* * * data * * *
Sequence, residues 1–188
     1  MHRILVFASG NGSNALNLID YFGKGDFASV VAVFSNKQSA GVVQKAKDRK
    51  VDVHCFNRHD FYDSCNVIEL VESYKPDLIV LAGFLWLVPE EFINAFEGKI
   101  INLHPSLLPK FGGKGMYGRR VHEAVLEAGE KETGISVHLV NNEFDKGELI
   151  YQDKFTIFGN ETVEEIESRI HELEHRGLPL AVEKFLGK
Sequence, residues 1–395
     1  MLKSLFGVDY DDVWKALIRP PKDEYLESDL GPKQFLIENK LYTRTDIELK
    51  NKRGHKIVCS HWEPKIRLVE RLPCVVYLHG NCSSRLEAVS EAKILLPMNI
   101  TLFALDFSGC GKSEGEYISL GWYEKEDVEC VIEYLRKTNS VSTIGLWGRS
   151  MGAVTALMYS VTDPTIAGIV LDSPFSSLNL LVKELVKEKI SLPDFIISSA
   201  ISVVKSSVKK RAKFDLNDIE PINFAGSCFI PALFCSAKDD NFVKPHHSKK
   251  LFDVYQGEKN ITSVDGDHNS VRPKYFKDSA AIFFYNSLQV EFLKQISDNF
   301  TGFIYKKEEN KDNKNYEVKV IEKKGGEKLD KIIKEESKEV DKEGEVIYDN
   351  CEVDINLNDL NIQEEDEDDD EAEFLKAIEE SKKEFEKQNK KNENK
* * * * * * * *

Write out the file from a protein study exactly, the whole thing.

Sequence, residues 1–188
     1  MHRILVFASG NGSNALNLID YFGKGDFASV VAVFSNKQSA GVVQKAKDRK
    51  VDVHCFNRHD FYDSCNVIEL VESYKPDLIV LAGFLWLVPE EFINAFEGKI
   101  INLHPSLLPK FGGKGMYGRR VHEAVLEAGE KETGISVHLV NNEFDKGELI
   151  YQDKFTIFGN ETVEEIESRI HELEHRGLPL AVEKFLGK
Sequence, residues 1–395
     1  MLKSLFGVDY DDVWKALIRP PKDEYLESDL GPKQFLIENK LYTRTDIELK
    51  NKRGHKIVCS HWEPKIRLVE RLPCVVYLHG NCSSRLEAVS EAKILLPMNI
   101  TLFALDFSGC GKSEGEYISL GWYEKEDVEC VIEYLRKTNS VSTIGLWGRS
   151  MGAVTALMYS VTDPTIAGIV LDSPFSSLNL LVKELVKEKI SLPDFIISSA
   201  ISVVKSSVKK RAKFDLNDIE PINFAGSCFI PALFCSAKDD NFVKPHHSKK
   251  LFDVYQGEKN ITSVDGDHNS VRPKYFKDSA AIFFYNSLQV EFLKQISDNF
   301  TGFIYKKEEN KDNKNYEVKV IEKKGGEKLD KIIKEESKEV DKEGEVIYDN
   351  CEVDINLNDL NIQEEDEDDD EAEFLKAIEE SKKEFEKQNK KNENK